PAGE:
The history of snuff
Snuff is said to have originated in Brazil among the indigenous people, who would grind up the tobacco using mortar and pestle made from rosewood. The rosewood apparently gave the snuff an extra aroma, and was an early precursor to the various snuff flavours found today.
However, snuff was only brought to the shores of Europe during the time of Christopher Columbus’ second voyage to the New World – apparently by Friar Pané, who has been hailed as the bringer of a product that has stood the test of time, and remains popular to this day.
Snuff has also enjoyed many names throughout the years – its most illustrious being Herba Regina (the queen’s herb). This name was given by Catherine de’ Medici, who was queen of the French court in the 1500s. Legend has it that her physician prescribed snuff for her persistent migraines, and she became so enamoured by it, that she always carried some on her person. As a result, snuff became very popular and trendy among the ladies of her court who, no doubt, were very keen to try anything with such a regal name.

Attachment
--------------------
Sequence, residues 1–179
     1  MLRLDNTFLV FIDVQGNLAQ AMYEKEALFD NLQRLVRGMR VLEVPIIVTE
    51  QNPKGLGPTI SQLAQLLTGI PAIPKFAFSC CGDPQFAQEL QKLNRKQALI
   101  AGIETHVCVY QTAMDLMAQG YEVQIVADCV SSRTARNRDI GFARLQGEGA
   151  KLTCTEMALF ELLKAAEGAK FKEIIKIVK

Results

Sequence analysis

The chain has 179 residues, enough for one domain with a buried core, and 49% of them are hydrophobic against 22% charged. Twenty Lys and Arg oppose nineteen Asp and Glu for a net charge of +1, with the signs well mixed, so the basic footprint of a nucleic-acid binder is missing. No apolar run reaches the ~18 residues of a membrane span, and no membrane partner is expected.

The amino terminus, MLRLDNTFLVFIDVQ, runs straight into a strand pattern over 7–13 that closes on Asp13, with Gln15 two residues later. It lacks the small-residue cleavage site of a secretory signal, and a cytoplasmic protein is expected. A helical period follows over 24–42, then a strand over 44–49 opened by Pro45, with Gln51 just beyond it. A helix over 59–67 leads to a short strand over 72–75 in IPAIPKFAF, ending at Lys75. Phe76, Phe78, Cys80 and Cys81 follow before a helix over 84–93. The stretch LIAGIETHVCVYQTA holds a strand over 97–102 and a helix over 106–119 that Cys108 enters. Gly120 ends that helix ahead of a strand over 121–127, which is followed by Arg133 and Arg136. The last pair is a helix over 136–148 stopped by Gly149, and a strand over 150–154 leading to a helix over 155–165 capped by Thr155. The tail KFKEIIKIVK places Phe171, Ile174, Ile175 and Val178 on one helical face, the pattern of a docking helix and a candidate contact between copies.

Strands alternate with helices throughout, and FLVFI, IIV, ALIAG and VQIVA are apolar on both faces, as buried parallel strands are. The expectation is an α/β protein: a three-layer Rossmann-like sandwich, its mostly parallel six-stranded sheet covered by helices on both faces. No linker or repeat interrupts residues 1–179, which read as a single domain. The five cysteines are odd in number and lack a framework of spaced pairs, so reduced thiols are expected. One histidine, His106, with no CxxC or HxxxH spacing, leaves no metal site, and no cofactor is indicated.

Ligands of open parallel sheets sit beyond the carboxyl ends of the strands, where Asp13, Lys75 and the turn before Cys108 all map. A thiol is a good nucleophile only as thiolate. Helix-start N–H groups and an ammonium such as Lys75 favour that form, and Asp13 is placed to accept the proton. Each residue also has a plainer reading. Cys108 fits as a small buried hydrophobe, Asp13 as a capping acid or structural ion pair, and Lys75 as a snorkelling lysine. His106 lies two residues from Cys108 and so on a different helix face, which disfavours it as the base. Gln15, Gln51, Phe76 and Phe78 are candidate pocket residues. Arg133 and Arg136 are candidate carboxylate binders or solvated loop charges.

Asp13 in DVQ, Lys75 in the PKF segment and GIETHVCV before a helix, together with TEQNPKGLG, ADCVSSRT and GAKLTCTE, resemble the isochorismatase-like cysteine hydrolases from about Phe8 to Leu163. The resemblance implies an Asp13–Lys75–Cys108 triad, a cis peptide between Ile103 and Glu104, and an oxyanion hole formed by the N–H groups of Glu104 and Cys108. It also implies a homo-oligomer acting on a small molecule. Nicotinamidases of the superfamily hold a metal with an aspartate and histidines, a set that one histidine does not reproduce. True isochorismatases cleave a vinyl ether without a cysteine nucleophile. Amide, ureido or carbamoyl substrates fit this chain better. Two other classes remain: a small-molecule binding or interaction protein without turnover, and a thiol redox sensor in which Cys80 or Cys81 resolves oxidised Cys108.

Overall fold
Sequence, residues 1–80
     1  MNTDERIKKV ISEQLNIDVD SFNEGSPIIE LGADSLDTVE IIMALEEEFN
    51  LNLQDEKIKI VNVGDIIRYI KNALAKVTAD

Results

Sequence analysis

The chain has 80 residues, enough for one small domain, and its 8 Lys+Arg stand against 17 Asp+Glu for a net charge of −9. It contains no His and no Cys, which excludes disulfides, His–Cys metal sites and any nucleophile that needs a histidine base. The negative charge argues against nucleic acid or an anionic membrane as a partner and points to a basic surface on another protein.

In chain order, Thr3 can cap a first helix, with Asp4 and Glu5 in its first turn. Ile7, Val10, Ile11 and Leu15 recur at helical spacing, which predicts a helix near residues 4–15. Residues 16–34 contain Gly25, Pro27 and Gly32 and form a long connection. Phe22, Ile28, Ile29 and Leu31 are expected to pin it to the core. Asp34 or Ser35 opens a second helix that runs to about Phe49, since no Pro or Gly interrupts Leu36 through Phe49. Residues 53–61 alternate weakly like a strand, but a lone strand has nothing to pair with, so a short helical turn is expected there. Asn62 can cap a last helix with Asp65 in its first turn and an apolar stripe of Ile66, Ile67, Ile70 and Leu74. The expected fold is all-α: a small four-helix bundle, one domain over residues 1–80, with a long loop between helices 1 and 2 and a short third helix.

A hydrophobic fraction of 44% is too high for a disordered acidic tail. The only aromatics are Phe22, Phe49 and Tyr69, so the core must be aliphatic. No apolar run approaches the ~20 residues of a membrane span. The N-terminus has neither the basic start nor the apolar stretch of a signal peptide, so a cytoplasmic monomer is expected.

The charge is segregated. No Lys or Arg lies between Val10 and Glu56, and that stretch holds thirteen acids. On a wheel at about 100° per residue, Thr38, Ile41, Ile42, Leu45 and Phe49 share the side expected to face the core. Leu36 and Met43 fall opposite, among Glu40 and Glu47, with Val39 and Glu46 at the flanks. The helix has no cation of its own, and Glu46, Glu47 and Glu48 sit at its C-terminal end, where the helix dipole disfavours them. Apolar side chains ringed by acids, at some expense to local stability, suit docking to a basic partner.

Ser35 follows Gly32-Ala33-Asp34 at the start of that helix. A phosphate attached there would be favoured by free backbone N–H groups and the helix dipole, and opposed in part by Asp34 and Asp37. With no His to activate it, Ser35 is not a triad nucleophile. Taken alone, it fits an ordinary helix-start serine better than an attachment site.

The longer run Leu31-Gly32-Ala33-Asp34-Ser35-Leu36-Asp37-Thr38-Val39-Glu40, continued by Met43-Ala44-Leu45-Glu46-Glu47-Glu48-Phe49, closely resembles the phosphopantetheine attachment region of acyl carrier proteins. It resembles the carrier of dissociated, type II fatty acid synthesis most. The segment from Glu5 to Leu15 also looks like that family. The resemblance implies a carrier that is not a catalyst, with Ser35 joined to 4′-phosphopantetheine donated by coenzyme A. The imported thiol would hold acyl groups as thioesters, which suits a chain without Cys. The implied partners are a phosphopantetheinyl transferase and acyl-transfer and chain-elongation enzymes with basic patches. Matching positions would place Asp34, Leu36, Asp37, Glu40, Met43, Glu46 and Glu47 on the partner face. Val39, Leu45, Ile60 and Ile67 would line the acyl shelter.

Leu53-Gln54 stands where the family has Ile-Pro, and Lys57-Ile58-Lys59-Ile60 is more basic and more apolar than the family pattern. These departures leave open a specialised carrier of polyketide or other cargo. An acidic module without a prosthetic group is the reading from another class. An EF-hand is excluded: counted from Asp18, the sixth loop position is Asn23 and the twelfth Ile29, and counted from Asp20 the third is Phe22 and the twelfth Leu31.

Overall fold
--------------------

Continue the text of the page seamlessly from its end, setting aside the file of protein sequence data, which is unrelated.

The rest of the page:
By the 1600s, snuff had become a very luxurious and popular product in Holland, where it took on its modern name, from the Dutch snuif.
But of course, as with most good stories, snuff has faced adversaries too. Pope Urban VIII threatened to ex-communicate snuff users in the 17th century, and Czar Michael of Russia banned the use of snuff, simultaneously passing a law permitting the nose amputation of any person found using it. Aren’t you glad it’s legal today…and you get to keep your nose to sniff snuff into?